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Image: The entrance to Fort Bragg, N.C.
The entrance to Fort Bragg, N.C.Chris Seward / AP file

To protect Confederates' names, Trump eyes veto of military funding

It'd be oddly perfect for Trump to end his term by rejecting military funding because he's determined to honor those who took up arms against Americans.


There would be something oddly perfect about Donald Trump ending his presidency by rejecting military funding because he's determined to honor those who took up arms against Americans. As NBC News reported this morning, this is a distinct possibility.

President Donald Trump is threatening to veto legislation to fund the military as one of his final acts in office unless a widely supported, bipartisan provision to rename military bases honoring Confederate military leaders is removed, according to White House, defense and congressional sources. Since the Nov. 3 election, Trump has privately told Republican lawmakers that he won't back down from his position during the campaign that he would veto the annual National Defense Authorization Act if it includes an amendment to rename the bases.

Let's revisit our earlier coverage to review how we arrived at this point.

In June, U.S. Army leaders opened the door to renaming military bases after Americans instead of Confederates who took up arms against Americans. Soon after, Trump tried to slam that door shut, insisting he would "not even consider" renaming military bases that honor Confederate leaders. (The president added that naming the bases after Confederates reflects "a history of Winning, Victory, and Freedom" -- suggesting he may not understand the Civil War as well he as probably should.)

Congress, however, didn't take Trump's position especially seriously. Indeed, lawmakers ignored the president's position and added a provision to a massive defense spending bill known as the National Defense Authorization Act (NDAA) that would rename military bases named after Confederate leaders. It was a rare display of bipartisanship: the House passed its version, 295 to 195, while the Senate passed its version, 86 to 14.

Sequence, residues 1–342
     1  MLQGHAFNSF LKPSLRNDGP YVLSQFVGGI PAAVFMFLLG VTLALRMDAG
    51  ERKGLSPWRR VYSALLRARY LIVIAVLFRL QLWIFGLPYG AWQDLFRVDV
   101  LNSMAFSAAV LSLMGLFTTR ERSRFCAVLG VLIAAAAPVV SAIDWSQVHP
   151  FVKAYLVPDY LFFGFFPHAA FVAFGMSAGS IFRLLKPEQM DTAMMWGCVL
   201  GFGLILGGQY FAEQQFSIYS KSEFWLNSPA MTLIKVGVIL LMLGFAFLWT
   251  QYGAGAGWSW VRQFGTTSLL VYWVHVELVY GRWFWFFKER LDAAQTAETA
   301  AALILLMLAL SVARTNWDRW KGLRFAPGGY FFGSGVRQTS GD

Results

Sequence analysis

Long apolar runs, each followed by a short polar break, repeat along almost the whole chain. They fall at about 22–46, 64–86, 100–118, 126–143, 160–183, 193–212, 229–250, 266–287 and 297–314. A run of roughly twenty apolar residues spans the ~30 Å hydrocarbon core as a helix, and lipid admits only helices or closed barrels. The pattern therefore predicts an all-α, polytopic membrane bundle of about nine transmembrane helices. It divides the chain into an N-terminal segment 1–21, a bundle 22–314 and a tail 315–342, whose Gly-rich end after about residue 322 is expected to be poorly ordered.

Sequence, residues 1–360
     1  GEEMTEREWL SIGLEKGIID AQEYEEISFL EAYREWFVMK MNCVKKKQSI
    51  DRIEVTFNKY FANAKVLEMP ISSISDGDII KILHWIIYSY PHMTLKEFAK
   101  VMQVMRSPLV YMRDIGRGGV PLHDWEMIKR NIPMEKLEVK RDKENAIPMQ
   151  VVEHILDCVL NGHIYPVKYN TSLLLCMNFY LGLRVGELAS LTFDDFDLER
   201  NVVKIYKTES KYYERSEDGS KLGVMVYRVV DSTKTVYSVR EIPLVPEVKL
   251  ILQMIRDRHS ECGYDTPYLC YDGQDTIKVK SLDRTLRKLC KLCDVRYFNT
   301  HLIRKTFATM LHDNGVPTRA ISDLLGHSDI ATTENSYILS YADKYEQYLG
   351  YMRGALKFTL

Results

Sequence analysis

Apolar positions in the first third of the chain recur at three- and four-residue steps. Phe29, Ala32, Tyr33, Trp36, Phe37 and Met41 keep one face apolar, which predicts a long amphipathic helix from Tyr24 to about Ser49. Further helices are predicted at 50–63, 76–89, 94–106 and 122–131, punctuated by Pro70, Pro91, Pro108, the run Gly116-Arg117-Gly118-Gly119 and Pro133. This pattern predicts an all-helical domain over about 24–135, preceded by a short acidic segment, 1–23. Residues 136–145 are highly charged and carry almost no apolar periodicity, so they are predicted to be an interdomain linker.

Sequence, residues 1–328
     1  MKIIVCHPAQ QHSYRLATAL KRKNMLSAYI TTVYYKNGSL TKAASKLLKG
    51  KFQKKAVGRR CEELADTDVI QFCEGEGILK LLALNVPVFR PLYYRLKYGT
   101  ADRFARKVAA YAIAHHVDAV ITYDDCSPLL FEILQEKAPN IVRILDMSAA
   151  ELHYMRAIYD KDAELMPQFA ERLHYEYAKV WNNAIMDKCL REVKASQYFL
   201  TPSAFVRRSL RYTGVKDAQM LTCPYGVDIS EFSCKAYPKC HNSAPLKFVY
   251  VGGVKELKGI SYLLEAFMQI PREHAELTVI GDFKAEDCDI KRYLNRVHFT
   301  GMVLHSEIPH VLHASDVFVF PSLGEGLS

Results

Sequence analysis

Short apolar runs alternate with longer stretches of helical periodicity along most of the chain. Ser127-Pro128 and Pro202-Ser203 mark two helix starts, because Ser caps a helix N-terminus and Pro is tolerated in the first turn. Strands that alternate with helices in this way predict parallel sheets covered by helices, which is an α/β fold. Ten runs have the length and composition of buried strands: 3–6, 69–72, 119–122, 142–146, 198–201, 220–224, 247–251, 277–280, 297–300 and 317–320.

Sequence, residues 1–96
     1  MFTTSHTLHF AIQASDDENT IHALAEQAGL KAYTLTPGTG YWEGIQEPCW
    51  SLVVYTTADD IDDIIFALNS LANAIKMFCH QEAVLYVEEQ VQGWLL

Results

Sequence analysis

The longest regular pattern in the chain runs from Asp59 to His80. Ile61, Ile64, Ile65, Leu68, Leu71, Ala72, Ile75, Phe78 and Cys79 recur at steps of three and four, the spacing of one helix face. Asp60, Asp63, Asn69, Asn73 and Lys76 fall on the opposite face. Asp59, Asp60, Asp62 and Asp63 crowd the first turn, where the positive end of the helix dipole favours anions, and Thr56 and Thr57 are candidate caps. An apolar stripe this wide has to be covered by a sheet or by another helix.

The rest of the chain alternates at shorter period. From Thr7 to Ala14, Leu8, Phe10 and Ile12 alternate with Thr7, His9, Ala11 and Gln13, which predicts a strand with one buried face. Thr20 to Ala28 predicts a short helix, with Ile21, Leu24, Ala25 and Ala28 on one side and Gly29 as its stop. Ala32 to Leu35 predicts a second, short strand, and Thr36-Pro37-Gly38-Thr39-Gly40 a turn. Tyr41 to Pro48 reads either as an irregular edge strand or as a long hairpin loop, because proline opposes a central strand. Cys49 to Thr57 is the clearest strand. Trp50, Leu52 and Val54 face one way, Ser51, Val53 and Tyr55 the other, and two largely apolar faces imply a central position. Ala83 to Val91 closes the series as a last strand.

Though the House and Senate bills were slightly different, both included a provision to rename the relevant military bases. Also, both bills passed with veto-proof majorities, even after Trump formally vowed to reject military funding if the NDAA included this change.

A White House statement went so far as to argue, "President Trump has been clear in his opposition to politically motivated attempts like this to rewrite history and to displace the enduring legacy of the American Revolution with a new left-wing cultural revolution."

What do the names of Confederate leaders have to do with "the enduring legacy of the American Revolution"? Why would the president's team describe a bipartisan idea that enjoys U.S. military support as evidence of "a new left-wing cultural revolution"? I still have no idea.

Trump tasked Senate Armed Services Committee Chairman Jim Inhofe (R-Okla.) with fixing this for him, but so far, there's been no breakthrough.

So what happens now? In theory, the House and Senate can finish work on a compromise NDAA, pass it, override Trump's veto, and end the drama. But in practice, NBC News' report added that "some Republicans are now shifting their positions to align with Trump," and Senate Majority Leader Mitch McConnell (R-Ky.) may not even bring a vetoed bill to the floor for reconsideration.

If the matter isn't resolved, lawmakers would have to start over in January, delaying, among other things, a pay raise for U.S. troops. Watch this space.